This weekends run is through some stunning Karst scenery – which is landscape formed from the dissolution of soluble rocks such as limestone, dolomite, and gypsum. It is characterized by underground drainage systems with sinkholes and caves. (according to wikipedia) What this does mean is that we get to run through caves and fantastic limestone formations, so it should be pretty.  Its also my first truly off road run, not quite the terrain of the C2C run, but more challenging than my usual routes.

Based on my previous 22k time of 3 hours I expect this to take somewhere between 3-4 hours, the route has a lot more vertical ascent than my previous run which will slow me somewhat I suspect.

I also realised this week that the Maungatautari Mission that I entered some time ago is only 6 weeks away, which means that I really need to get out in the kayak as that race has a 10k kayak leg, and I’ve been concentrating on my running and cycling up until now as these are the disciplines that my skill level is much lower.  Its going to be a busy few weeks as I continue to work on my running and cycling fitness as well as build up my paddle fitness, I feel an erg in my life in the near future 😦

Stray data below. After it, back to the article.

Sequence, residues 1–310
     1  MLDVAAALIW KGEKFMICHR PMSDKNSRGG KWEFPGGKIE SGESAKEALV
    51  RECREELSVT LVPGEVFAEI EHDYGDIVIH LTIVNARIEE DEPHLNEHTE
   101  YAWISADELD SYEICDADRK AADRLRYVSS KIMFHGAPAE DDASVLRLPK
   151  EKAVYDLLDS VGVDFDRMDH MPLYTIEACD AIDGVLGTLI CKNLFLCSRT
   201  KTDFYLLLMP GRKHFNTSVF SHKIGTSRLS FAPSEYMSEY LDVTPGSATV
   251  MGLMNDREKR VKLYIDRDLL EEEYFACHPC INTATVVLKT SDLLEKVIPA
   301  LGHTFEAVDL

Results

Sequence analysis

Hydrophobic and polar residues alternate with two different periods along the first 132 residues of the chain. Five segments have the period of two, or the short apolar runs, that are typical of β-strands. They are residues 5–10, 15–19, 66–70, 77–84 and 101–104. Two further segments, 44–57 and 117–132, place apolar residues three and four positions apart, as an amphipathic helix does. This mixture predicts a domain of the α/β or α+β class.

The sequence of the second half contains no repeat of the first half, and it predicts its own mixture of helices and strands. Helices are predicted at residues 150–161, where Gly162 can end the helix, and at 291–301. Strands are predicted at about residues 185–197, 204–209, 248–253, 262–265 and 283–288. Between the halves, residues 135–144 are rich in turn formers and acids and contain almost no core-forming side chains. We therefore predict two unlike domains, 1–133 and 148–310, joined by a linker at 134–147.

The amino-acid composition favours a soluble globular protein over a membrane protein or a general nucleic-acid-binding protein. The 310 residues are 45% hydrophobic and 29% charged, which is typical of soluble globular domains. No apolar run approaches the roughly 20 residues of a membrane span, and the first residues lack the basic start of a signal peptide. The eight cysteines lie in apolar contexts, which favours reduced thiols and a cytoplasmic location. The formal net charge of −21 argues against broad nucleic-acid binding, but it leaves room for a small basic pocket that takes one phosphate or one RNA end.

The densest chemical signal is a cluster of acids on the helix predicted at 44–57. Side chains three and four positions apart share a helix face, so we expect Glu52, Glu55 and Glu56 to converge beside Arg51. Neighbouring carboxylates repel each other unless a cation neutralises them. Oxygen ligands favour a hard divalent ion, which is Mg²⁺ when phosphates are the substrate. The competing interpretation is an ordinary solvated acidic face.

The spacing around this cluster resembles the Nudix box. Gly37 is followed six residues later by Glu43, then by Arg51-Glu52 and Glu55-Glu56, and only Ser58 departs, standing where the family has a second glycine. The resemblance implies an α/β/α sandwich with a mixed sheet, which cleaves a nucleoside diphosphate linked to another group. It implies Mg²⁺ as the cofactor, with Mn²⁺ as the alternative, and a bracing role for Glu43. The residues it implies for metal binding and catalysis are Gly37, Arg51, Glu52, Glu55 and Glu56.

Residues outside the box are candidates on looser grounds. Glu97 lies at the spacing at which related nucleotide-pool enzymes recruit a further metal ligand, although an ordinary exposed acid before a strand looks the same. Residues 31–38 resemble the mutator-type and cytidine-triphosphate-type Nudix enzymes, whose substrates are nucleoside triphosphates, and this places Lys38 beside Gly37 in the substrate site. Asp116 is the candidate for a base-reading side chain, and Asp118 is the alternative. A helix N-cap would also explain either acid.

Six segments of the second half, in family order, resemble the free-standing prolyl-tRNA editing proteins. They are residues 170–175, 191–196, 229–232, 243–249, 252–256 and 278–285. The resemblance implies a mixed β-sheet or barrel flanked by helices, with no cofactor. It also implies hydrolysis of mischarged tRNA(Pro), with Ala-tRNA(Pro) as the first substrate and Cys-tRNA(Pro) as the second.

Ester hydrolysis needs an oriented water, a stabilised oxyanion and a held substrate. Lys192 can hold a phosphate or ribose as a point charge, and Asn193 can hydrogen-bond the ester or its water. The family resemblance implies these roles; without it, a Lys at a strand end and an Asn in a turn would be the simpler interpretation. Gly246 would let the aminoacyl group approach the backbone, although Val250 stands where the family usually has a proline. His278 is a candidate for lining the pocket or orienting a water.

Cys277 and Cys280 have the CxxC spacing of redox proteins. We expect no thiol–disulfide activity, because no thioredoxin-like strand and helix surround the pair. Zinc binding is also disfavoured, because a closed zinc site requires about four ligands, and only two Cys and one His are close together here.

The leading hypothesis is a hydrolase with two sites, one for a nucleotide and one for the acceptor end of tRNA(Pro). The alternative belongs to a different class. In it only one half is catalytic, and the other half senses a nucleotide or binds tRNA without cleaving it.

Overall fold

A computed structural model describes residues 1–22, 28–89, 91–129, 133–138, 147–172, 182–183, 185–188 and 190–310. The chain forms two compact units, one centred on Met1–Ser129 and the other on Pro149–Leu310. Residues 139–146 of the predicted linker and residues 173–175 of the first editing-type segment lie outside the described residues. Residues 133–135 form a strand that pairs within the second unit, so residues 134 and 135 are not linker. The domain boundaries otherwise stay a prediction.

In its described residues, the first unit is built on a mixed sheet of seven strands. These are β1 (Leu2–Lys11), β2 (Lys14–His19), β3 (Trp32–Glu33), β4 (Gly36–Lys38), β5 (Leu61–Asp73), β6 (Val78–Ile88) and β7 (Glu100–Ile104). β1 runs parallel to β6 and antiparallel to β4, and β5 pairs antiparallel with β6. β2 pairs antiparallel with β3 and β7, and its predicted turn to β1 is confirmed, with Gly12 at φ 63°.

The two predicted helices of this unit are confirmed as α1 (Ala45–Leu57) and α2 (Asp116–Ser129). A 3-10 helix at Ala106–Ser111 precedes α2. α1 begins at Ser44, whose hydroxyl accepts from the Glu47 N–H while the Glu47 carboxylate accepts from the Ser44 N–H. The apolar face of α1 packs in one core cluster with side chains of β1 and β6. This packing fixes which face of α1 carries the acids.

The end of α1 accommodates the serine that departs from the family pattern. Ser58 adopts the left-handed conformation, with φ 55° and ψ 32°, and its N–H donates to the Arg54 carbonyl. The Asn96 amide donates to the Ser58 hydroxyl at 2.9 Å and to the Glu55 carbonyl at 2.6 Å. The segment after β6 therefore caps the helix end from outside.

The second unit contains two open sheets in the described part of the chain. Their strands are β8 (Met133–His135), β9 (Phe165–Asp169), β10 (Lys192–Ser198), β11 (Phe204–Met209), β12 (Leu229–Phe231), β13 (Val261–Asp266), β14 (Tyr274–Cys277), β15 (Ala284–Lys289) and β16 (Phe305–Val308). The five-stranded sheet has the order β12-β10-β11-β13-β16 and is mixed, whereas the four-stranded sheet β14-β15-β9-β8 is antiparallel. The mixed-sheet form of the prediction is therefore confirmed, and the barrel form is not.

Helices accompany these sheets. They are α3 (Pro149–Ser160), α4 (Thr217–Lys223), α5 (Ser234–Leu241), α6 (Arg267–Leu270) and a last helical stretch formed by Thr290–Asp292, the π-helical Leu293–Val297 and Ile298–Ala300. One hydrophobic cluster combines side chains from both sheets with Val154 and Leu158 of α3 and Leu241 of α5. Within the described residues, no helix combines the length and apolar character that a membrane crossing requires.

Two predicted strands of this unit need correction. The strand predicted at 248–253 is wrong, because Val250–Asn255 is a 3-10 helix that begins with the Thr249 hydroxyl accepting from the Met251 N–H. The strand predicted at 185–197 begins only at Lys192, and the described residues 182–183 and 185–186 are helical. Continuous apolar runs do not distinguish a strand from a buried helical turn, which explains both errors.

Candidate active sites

Last week was a mental health week, as I alluded to last post, and so there is not much to report on the training front.  The sleep-ins helped reset my internal batteries and it was nice to not have aching muscles for a day or two.

  • Tuesday – Run 6k
  • Saturday – Ride 50k

Sometimes you just have to hit snooze


The astute among you will have noticed that I haven’t been writing as regularly as I normally do, I would love to say there has been a great reason for this but I’d be making stuff up…

It has been a fortnight of ups and downs,  with some pretty awesome training followed by some repeated hitting of the snooze button.  I even got to run in a different city as I was away for most of last week for work in New Plymouth and managed to get a ride and a run in a new city.